A paper from the University of Bristol that performs some climate simulations on the Middle Earth of J.R.R. Tolkein to illustrate how climate models work. (pdf) Not long and a nice non-technical introduction.
A version for elves is offered, but it just uses a faux-elvish font (Tengwar or something like it) rather than a translation to Quenya or one of its variants. (which would have been very difficult requiring an extention of the language).
The Climate of Middle Earth
Radagast the Brown1,2
1Rhosgobel, nr. Carrock, Mirkwood, Middle Earth.
2The Cabot Institute, University of Bristol, UK.
Correspondence to: firstname.lastname@example.org
Abstract. In this paper, I present and discuss results from a climate model simulation of the ‘Middle Earth’ of elves, dwarves, and hobbits (and not forgetting wizards such as myself). These are put into context by also presenting simulations of the climate of the ‘Modern Earth’ of humans, and of the ‘Dinosaur Earth’, when dinosaurs ruled the Earth 65 million years ago.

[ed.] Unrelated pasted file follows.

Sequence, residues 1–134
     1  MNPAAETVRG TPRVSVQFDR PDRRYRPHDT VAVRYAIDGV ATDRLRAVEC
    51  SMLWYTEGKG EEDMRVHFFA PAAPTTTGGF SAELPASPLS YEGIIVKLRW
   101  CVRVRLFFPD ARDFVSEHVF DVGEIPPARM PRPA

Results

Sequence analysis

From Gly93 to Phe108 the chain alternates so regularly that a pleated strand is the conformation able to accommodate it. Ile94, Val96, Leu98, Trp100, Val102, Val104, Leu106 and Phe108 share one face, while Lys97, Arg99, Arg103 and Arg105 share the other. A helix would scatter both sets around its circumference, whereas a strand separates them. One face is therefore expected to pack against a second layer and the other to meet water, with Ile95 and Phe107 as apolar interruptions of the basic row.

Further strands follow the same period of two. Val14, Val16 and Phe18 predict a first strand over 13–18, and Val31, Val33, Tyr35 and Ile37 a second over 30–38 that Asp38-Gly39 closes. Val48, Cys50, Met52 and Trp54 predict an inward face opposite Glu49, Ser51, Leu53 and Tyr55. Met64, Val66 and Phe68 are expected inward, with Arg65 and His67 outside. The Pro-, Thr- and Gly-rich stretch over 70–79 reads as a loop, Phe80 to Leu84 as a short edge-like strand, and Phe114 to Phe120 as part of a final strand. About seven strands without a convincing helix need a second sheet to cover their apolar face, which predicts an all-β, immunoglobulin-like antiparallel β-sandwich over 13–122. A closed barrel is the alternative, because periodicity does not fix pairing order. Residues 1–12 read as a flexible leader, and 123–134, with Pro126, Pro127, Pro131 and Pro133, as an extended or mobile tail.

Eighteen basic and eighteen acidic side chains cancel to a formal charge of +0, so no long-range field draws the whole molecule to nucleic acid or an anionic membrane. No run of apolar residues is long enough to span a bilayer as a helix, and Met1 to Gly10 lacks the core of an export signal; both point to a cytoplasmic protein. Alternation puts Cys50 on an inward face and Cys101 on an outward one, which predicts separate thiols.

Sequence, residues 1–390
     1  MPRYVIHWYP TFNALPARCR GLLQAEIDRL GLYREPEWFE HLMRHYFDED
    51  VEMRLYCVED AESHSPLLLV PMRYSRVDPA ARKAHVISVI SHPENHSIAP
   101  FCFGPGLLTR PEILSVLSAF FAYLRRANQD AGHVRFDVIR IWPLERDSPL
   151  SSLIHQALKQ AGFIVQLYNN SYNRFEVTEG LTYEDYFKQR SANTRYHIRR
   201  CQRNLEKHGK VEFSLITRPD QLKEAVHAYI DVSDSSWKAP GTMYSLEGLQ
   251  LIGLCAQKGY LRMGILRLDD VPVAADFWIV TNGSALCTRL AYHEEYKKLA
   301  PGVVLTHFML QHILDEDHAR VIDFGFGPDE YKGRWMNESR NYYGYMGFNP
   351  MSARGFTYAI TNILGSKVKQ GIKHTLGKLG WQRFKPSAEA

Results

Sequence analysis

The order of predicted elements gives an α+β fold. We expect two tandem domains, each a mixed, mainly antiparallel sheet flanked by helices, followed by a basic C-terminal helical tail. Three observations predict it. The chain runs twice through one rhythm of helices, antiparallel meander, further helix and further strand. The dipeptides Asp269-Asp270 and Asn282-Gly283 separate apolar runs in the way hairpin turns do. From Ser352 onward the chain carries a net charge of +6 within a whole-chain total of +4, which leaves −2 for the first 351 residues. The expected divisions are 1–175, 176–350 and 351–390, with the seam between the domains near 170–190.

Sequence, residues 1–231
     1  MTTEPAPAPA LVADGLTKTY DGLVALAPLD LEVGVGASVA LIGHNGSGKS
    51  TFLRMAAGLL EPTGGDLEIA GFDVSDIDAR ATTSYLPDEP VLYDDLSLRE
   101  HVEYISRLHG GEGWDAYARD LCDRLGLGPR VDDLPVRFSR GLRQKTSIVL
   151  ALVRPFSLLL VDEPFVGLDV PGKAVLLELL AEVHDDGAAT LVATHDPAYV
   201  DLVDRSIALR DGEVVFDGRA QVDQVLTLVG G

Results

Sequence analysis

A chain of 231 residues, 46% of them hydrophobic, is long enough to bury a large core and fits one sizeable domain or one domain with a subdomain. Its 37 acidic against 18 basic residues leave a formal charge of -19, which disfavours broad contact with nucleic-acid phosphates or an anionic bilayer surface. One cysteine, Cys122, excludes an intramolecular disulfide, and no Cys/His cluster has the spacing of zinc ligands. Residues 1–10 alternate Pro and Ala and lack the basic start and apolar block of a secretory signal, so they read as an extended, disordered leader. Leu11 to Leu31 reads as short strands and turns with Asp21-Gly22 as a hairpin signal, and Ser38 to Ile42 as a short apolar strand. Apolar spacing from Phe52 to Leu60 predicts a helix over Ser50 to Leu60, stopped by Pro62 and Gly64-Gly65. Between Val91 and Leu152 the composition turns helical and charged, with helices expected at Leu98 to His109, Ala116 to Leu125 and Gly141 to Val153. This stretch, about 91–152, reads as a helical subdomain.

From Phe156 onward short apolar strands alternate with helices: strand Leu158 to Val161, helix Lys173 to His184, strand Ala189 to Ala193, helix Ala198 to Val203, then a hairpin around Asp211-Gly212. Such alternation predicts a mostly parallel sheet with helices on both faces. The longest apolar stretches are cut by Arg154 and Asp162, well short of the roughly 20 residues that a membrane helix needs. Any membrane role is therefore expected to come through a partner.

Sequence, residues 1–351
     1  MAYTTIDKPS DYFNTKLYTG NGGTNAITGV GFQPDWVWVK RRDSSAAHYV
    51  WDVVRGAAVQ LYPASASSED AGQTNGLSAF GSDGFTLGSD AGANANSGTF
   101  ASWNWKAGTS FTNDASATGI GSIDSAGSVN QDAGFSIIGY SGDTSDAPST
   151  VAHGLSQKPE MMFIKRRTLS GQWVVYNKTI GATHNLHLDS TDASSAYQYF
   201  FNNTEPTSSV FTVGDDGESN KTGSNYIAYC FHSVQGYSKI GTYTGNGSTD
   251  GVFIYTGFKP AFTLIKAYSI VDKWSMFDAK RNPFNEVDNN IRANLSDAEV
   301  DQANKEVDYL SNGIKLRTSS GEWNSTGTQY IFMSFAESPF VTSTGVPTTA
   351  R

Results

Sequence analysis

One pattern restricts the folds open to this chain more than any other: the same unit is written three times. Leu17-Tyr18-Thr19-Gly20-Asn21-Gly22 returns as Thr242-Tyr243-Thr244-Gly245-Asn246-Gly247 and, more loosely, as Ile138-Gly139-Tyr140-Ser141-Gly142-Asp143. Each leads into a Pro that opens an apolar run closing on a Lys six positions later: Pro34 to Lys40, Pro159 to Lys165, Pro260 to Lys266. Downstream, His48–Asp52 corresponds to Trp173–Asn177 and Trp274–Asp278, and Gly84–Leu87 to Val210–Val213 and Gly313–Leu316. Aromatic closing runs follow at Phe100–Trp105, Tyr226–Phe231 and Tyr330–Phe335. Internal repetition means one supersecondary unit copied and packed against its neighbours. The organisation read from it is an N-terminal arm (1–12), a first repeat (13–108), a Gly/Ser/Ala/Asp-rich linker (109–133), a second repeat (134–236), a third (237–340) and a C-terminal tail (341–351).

Several aspects of the Middle Earth simulation are discussed, including the importance of prevailing wind drection for elvish sailing boats, the effect of heat and drought on the vegetation of Mordor, and the rainshadow effects of the Misty Mountains. I also identify those places in the Modern Earth which have the most similar climate to the regions of The Shire and Mordor.
The importance of assessing ‘climate sensitivity’ (the re- sponse of the Earth to a doubling of atmospheric carbon diox- ide concentrations) is discussed, including the utility of mod- elling and reconstructing past climate change over timescales of millions of years. I also discuss the role of the Intergov- ernmental/Interkingdom Panel on Climate Change (IPCC) in assessing climate change, and the responsibilities placed on policymakers.